Just a plug for my chapter in the recently published book, Democratic Citizenship in Schools (Brown, Ross and Munn eds) (Dunedin Academic Press Edinburgh 2012).
It’s a good read (well it should stimulate a bit of argument anyway).. Here’s a little extract (pp20-22) to whet your appetite.
In the present, the exciting energetic daily life a typical Scottish secondary school amply illustrates this interplay of democratic values and their impact on the lives and understanding of individuals, so examples from school life are used in this section to bring the broader issues into vivid relief.
A school responded to the increasing use of sophisticated mobile phones by conducting a community wide debate in which the various advantages and concerns of their use in school were aired – in Parent Forums, in Student Council, in staff meetings, in Assemblies. Following this debate a new policy was agreed to replace the previous unworkable policy in which phones had been completely ‘banned’. The new policy stated that pupils were permitted to use their phones in social areas outwith the timetabled school day but there was a strict sanction (confiscation and return to the parent, not the pupil) if a phone were to be used in the classroom.
Shortly after the introduction of the new policy, one of the Depute Headteachers was called to a Science laboratory by a teacher. She found an argument taking place as a 14 year old girl had refused to hand over her mobile phone, which she had been using under the desk in class. She had also refused either to leave the room in order to discuss this with the teacher in a less confrontational one-to-one setting or to report to the Depute Head herself. There was a great deal of emotional heat in the room. The learning objective of the lesson (to learn how to balance simple neutralisation equations) had been lost some time ago. Later, after investigation and discussion of the incident with the girl, and eventually her mother, both the girl and her mother justified her disruptive behaviour on the grounds that she needed to have her phone, no matter what the school policy said (‘freedom’) and that her treatment had been ‘unfair’, since another girl had already used her phone in the class and the teacher had ‘done nothing about it’. The teacher ‘doesn’t like me anyway’. To what neutral agreed ground for resolution can the conversation refer, when democratic values can be interpreted to such different purpose? For the girl and her mother, individual freedom is more important than ‘schooling’.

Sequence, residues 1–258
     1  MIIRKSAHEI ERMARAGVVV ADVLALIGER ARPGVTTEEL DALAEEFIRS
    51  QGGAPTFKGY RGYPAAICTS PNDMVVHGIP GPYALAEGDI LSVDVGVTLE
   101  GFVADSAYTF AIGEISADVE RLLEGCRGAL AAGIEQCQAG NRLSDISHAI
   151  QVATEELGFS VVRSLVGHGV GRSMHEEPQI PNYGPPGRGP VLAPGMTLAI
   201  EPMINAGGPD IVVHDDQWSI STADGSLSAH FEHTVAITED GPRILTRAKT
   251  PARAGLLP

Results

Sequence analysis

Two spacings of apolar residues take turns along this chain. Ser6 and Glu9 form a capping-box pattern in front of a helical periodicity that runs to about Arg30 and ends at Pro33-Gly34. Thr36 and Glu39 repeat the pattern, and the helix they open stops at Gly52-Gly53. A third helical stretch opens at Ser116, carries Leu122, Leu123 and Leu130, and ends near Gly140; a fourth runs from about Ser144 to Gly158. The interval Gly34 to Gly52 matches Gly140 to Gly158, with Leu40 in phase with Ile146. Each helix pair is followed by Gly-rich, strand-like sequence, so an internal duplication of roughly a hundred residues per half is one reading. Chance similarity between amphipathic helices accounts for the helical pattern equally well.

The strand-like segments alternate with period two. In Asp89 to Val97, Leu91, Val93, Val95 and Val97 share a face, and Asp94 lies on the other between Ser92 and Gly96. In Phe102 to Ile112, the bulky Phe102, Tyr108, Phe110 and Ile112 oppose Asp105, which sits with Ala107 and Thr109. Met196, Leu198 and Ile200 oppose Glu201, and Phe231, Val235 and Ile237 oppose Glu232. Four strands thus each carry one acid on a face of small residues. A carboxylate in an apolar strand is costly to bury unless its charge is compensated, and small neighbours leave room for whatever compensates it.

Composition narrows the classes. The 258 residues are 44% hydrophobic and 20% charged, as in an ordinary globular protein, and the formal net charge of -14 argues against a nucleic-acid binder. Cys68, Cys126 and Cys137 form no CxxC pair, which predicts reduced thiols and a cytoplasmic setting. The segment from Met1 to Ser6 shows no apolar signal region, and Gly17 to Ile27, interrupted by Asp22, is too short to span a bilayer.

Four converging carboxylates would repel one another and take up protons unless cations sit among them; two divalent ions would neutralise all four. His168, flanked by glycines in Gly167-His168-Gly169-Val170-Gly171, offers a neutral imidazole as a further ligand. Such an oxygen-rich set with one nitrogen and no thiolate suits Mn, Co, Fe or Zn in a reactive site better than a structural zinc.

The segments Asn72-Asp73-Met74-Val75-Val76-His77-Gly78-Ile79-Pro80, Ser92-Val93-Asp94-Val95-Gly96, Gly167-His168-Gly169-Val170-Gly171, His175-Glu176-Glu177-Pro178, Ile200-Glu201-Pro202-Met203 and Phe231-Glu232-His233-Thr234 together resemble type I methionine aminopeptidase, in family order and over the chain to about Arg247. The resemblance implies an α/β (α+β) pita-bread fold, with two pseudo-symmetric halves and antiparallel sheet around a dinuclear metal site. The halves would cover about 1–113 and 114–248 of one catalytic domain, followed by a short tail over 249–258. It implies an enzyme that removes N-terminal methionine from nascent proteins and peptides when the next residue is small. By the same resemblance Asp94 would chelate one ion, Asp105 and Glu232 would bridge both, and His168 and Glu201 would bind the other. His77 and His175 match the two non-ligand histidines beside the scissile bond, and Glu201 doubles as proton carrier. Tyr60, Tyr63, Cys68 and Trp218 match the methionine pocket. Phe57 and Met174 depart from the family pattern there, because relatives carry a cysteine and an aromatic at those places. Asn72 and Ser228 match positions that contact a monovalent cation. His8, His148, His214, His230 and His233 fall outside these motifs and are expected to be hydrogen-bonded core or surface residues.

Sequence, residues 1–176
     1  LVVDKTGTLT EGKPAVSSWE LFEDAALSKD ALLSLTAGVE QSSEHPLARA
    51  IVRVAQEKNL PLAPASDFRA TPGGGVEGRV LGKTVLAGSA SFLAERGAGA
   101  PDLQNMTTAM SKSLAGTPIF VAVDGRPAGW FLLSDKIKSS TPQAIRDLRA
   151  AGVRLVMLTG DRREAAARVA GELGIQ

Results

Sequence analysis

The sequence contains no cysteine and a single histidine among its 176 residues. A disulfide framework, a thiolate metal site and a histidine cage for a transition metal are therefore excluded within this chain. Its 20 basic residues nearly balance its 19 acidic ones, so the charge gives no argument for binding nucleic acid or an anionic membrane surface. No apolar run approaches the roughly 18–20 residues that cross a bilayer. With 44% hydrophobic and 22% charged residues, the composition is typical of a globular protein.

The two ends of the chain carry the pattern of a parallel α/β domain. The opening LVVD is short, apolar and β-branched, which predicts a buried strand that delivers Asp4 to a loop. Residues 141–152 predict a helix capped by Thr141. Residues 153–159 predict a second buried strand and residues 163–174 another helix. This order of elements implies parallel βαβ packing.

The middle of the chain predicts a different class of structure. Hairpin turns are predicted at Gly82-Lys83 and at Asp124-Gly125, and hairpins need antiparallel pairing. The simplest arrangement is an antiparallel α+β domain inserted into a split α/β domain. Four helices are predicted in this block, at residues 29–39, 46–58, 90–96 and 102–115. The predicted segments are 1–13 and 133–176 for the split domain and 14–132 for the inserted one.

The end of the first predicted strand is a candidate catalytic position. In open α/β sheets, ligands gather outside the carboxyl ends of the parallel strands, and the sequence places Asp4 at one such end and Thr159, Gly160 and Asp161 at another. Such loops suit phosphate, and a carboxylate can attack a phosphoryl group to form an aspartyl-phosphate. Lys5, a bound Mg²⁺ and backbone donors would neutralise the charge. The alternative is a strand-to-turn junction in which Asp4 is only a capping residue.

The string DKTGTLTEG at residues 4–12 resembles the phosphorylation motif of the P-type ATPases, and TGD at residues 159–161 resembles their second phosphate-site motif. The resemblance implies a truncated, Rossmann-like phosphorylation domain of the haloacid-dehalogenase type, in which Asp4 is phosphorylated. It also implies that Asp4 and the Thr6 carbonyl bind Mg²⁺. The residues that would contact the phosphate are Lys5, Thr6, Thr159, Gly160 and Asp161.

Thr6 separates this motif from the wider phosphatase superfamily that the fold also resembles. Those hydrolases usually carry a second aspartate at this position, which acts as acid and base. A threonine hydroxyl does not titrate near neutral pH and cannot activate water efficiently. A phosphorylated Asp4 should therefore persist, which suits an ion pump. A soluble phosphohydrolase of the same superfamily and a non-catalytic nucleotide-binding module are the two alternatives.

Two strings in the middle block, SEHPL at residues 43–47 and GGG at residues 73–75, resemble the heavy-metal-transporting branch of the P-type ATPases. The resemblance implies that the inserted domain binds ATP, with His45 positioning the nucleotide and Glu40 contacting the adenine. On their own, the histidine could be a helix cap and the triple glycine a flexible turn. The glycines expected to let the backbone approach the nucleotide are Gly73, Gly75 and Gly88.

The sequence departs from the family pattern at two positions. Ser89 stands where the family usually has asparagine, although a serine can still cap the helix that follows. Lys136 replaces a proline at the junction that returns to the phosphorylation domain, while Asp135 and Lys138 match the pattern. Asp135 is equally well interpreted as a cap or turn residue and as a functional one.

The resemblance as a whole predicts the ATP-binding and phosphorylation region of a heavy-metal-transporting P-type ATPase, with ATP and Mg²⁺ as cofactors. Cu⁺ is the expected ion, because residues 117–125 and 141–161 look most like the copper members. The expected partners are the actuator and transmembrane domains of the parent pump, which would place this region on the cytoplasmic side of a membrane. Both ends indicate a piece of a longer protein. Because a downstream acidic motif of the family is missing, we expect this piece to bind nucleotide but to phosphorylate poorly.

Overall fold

What would Bevan have made of the girl clinging to her mobile phone, and resisting the arbitrary power of the school as an instrument of state oppression? Indeed this is the perceived character of schooling for a significant number of our young people and their parents. Schooling is something done ‘to you’, not ‘with you’, by people who drive in from somewhere else. School is an experience which you are compelled into; which you may, at best, tolerate, in among the more exciting aspects of your teenage years; these ‘scholars’ find school alien. It is a place where they come, as a colleague of mine once wryly observed, ‘to watch adults working hard’, before getting on with their lives. Asked to do homework in order to improve their chances in national examinations, some refuse, making clear that while the teacher can have some authority over them between 9 and 4, the evenings and weekends are their time. Such pupils may feel shut out of full participation (‘Credit’ level courses, progression on to S6), by lack of skills in formal language and in decentred modes of thinking, and react accordingly by rejecting, or at best passively tolerating, the system which they see as rejecting them. This is not the whole picture of contemporary schooling but it is the picture of many of the 20% which the OECD report of 2007 (OECD 2007) recommended should get a better deal out of the Scottish school system. Where are the values of ‘freedom’, ‘equality’ and ‘fairness’ played out in such exchanges?
OK it’s a bit pricey, but there isn’t a big market for Scottish education books (regrettably and, in my view, surprisingly!) and the publisher has to break even. The subtitle of the book is ‘Teaching Controversial Issues, Traditions and Accountability’ so if you’re interested, I recommend it for concentrating the grey matter on some important issues in contemporary education.
 S6, the sixth year of Scottish secondary schooling, is the only year in which all students, now aged 16 or over, have positively chosen to attend school.